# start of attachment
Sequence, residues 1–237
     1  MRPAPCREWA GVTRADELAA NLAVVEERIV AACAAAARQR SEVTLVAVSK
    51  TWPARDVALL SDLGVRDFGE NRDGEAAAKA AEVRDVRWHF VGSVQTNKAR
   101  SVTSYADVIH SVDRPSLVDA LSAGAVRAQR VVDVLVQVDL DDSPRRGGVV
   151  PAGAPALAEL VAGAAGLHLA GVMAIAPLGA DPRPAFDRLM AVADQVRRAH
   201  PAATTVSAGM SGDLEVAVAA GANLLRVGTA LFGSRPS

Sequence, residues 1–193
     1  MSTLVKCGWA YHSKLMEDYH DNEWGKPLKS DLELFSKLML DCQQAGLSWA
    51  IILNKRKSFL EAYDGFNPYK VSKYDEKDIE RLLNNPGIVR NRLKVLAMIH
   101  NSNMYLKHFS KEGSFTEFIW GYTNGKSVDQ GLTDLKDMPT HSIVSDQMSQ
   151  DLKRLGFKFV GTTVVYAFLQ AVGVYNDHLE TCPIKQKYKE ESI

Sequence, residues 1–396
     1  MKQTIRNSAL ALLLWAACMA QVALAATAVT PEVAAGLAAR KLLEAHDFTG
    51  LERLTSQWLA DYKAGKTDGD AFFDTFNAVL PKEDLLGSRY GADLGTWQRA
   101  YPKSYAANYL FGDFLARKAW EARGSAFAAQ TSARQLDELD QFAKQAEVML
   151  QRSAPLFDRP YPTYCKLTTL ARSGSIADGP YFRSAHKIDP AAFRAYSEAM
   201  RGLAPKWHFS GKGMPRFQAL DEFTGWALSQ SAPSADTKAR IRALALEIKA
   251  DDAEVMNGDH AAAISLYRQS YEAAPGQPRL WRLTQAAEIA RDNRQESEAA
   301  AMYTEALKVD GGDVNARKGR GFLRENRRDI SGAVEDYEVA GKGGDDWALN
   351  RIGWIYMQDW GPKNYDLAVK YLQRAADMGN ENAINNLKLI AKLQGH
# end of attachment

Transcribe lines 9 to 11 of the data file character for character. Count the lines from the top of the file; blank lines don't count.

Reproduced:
    51  IILNKRKSFL EAYDGFNPYK VSKYDEKDIE RLLNNPGIVR NRLKVLAMIH
   101  NSNMYLKHFS KEGSFTEFIW GYTNGKSVDQ GLTDLKDMPT HSIVSDQMSQ
   151  DLKRLGFKFV GTTVVYAFLQ AVGVYNDHLE TCPIKQKYKE ESI